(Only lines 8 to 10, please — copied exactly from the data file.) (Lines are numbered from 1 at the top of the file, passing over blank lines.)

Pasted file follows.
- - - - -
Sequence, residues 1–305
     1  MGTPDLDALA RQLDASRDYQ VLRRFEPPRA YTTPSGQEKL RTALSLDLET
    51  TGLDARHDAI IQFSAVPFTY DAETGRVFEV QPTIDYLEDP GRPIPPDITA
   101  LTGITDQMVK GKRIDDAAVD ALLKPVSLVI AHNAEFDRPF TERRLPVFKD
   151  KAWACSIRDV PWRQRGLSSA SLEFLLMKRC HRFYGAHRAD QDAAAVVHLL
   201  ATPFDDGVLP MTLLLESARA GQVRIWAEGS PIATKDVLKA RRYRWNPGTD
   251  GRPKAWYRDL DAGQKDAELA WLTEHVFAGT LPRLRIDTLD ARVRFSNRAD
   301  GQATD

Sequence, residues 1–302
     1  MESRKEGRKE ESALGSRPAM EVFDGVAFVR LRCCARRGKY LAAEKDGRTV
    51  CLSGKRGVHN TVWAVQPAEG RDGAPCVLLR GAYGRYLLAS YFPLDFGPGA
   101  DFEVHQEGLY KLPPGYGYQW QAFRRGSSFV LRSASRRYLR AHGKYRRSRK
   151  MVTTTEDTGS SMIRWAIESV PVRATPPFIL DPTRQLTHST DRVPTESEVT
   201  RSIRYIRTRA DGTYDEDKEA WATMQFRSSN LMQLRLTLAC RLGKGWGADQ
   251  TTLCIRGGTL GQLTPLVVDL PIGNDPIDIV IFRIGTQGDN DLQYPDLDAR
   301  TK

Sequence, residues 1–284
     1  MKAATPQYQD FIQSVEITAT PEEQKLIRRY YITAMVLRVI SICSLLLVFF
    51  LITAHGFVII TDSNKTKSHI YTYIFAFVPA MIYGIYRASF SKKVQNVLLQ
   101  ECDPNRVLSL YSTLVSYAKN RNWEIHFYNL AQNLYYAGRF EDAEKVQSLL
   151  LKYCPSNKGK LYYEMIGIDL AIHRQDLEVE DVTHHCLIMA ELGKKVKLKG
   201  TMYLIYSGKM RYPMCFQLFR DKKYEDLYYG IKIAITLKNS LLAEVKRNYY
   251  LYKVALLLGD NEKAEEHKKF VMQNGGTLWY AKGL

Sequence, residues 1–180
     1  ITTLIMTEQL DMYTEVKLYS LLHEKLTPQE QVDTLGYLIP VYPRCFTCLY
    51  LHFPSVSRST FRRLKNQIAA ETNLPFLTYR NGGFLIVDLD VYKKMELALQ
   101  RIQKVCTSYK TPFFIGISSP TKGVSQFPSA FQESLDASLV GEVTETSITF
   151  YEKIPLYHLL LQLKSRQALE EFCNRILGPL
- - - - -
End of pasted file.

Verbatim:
   301  GQATD

Sequence, residues 1–302
     1  MESRKEGRKE ESALGSRPAM EVFDGVAFVR LRCCARRGKY LAAEKDGRTV